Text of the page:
Last week, while I got sweaty moving from one room to another, my friend Michael ran 127 miles, from his front door to mine. It was an incredible challenge to begin with, but the heatwave made it almost impossible. Still, he kept on running. Each day, I got a message saying that day was complete. On Saturday evening, I went to meet him, his partner Steven and his friend Laura for dinner. He’d arrived in Leicester, so he was only ten miles away, and I knew there wouldn’t be much chance to catch up the following day, when he completed the challenge. I half expected him to be hobbling around like an invalid, but he was his normal self, telling stories about the time he was a runner-up in a competition to name the Spice Girls’ plane and how he’d paid £55 to spend three minutes in a room that was -125 degrees a couple of days previously to sort out his sore knee.
The following morning, Paul and I chilled prosecco and made a congratulations sign from an enormous muslin, and we waited. People began to gather at our house. Friends of Michael’s, friends of mine and Rachel’s. A friend Michael and I both worked with, almost a decade ago, who lives in Sydney but just happened to be home with her newborn visiting family in Leicestershire. When we heard that he was getting close, Paul and Michael’s sister and five-year-old niece went to join him for the last mile. Paul sent a photo of him and Michael standing by the sign welcoming people to the village, and I welled up.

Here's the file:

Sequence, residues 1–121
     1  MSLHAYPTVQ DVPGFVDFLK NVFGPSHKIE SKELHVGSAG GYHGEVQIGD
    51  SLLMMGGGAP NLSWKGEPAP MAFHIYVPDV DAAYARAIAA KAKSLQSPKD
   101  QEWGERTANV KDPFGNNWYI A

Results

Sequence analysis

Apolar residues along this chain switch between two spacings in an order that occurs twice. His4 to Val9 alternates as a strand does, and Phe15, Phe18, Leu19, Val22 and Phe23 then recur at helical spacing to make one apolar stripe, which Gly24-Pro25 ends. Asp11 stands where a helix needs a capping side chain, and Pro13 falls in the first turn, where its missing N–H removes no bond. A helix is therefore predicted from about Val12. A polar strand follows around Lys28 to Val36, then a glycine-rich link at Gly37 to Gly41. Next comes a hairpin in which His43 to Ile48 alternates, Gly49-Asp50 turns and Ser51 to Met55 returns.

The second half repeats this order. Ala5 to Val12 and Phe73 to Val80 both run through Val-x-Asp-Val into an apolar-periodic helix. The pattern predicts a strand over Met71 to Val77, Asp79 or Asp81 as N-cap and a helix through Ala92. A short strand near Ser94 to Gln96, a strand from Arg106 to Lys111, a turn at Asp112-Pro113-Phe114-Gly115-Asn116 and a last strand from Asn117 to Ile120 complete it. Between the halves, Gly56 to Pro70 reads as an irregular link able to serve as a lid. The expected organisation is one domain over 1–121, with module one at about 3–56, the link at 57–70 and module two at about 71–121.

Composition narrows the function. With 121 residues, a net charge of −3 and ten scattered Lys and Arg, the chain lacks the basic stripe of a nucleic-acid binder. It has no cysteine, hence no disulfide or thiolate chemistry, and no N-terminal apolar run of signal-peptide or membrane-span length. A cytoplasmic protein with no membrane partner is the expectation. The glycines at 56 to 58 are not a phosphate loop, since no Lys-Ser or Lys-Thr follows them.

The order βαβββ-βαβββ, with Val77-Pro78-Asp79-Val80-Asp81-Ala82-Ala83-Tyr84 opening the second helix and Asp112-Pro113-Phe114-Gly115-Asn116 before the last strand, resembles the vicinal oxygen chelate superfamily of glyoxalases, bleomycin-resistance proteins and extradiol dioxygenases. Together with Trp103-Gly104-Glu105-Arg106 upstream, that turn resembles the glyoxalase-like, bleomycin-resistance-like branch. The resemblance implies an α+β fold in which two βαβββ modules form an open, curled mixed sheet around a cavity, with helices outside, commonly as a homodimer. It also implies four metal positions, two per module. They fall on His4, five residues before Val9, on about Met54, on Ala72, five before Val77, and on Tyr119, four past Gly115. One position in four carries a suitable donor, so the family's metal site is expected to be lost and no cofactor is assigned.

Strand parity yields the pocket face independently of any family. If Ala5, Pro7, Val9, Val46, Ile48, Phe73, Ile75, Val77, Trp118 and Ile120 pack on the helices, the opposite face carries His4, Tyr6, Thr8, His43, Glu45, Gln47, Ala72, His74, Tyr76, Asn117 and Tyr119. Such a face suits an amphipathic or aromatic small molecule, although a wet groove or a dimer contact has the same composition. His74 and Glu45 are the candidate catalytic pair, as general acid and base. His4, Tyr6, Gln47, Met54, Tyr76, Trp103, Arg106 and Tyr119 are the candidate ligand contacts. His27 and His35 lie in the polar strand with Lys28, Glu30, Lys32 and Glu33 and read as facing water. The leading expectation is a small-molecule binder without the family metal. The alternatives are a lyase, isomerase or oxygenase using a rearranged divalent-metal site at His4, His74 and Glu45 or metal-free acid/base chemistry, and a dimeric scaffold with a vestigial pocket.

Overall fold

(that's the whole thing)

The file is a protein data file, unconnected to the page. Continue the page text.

It was raining. We’d hoped to push Rachel in her wheelchair for that final mile but we didn’t want her to end up wet and miserable, so she waited just inside the front door and I stood outside to greet him. We hugged, we opened the prosecco, we finally let him come inside and catch his breath. For the next couple of hours, the house was abuzz, with people standing around in groups chatting, eating lunch. There was an air of victory. Michael had set himself an incredibly tough challenge, and he’d done it. And he’d raised around £9000 along the way. None of us knew quite how to thank him. The next day, over the phone, Michael and I talked to BBC Radio Leicester about it. And then it was over.
Last night, when I was picking the kids up from nursery, I ran into Scott and we talked for a while about the practicalities of getting Rach home. In my arms, Elodie kept taking my glasses off and trying to lick and bite me. Meanwhile, Joseph tugged at my hand, saying he wanted to go home. Saying he was homesick. As we got in the car, I told him that I knew it was boring, but sometimes I needed to talk to other adults about things. I said we’d been talking about Rach coming home, and that it was important. And he said ‘Well, I’m not really interested in that. I’m more interested in space.’
And I know that he’s four and that he doesn’t mean anything by saying that, but I was still furious and I still cried. And then he cried, wailing over and over that he was sorry. At home, I sat him down and tried to explain why I was upset. I said that what’s happened to Rachel has broken my heart, and broken the hearts of Scott and Nanna and Granddad. He said that sometimes, Rachel didn’t feel like an aunty. I held him really tight. I wasn’t angry. I understood. But I know the kind of aunty she was before the stroke, the kind of aunty she would have been. And he doesn’t remember that, and he’ll never know.
There are such highs and lows on this path, still. What Michael did for our family was astonishing, and none of us will ever forget it. The money raised will help enormously when it comes to making the changes we need to make to facilitate Rachel’s homecoming. On days like Sunday, I feel euphoric, like we can do anything. And days like yesterday, the sadness hangs heavy. This morning, Joseph climbed into my bed for a cuddle. ‘Are you happier today?’ he asked. I wasn’t sure. But I said I was, and we read some of The Magic Faraway Tree, and started our day.